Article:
Start Turning Your Home into a James Bond Villian’s Lair with the Burglar Blaster

Anyone who has seen “Home Alone” (which is hopefully everyone) knows that when it comes to home security, the one undisputed assurance for safety is a series of well implemented traps leading to hilarious punishments for the armed thugs now in your life.

To begin constructing your own dominion of doom then, consider purchasing the Burglar Blaster.

Working off of an infrared sensor, when the Burglar Blaster is set, it detects movement and fires off four ounces of pepper spray guaranteed to cause some serious second thoughts to anyone in the remote vicinity(coverage is up to 2000 square feet). It also comes equipped with a timer that can be set up to 40 seconds, presumably so you can allow the burglar to momentarily relish in the acquisition of some perfect loot, before they’re met with a spray of burning aerosol to the face.

Reloadable, easy to install, and battery operated, the only alarm systems more ballsy would have to be some sort of elaborate swinging ax contraption, a trap door to a Rancor pit, your own bare fists, or perhaps the upgrade to the Blaster’s regular model (the Decintegrator) which holds up to 4 pepper spray cans and covers twice the space.

Sure it’s dangerous and impractical, but can you really put a price on your family’s (potentially humorous) safety?

Yes actually. The standard model runs $595.00, while the less discreet Decintegrator retails for $495.00.

Well worth it for your home to be affectionately known in the criminal underworld as the house of pain.

  

Some Kids Were Just Better With Legos Than Others

Let it be known that when the technological hall of fame is built (no doubt by our future robotic overlords), I’d like to nominate Legos as a first ballet entrant.

Sure they aren’t as flashy or “capable” as say your iPhone, but ever since 1949, they’ve been a tool for innovative minds to hone, and show off, their skills through, as well as a consistent source of amusement that has managed to evolve and adapt with the changing world.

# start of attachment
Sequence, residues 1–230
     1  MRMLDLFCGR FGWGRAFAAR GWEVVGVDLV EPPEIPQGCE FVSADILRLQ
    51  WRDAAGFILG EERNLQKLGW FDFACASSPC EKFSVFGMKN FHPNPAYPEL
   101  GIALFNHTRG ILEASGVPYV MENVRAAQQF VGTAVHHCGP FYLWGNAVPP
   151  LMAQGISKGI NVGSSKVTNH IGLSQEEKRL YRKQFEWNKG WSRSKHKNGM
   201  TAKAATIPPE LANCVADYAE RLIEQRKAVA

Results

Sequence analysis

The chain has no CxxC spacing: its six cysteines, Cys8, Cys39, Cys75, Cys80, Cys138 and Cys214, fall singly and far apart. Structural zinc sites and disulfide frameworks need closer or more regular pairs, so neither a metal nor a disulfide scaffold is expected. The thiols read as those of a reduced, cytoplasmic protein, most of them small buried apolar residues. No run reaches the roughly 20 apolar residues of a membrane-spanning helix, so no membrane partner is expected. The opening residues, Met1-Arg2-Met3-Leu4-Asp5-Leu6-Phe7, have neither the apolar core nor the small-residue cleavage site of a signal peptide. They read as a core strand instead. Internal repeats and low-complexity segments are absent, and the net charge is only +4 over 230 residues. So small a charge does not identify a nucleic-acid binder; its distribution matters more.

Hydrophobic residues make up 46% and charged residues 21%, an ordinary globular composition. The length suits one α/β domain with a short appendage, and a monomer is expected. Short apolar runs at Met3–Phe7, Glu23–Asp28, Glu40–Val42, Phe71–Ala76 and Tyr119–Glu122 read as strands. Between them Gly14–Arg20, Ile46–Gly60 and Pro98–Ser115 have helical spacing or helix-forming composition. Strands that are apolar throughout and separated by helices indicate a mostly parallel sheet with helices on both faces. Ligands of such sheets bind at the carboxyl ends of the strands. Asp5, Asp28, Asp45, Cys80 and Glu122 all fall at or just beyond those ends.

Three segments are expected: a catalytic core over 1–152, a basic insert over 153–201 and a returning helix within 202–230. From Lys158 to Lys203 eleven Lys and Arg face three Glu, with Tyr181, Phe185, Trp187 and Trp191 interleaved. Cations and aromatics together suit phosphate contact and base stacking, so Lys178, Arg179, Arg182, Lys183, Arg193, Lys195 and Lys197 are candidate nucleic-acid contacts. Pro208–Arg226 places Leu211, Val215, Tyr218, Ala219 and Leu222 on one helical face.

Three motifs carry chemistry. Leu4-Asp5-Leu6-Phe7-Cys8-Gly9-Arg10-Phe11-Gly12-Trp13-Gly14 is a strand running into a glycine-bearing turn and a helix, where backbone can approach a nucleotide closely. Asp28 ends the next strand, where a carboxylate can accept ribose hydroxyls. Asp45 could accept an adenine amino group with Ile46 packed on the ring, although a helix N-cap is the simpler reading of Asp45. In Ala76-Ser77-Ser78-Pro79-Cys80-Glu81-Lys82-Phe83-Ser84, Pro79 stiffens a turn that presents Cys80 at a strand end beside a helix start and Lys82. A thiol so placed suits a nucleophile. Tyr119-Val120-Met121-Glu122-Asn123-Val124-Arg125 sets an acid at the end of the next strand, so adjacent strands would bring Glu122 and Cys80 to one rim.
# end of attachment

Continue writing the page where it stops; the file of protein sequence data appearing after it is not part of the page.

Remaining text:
While new and exciting Lego creations routinely make the internet rounds, there are a couple fresh ones I had to share today.

First is this amazing “Fallout 3” Pipboy 3000 recreation from Lego aficionado Simon Liu.

Equipped with built in status screen, and functioning knobs and lights, the Lego Pipboy’s design is impressive, and immediately recognizable, but the ace in the hole is the built in FM radio, tuned to the Wasteland’s favorite DJ Three Dog in the demonstration, that takes this invention from “oh cool” to “holy crap” on the Lego creation scale. Further bonus style points are awarded for the “retro meets future” design the device has, which sums up the entire “Fallout” style nicely.

No details on how to make one are currently available, but considering I used to have trouble make even a paltry Lego house, that may be moot.

Of course, in terms of items from the “never be able to build it in a million years” school of Legos, the next design is even greater.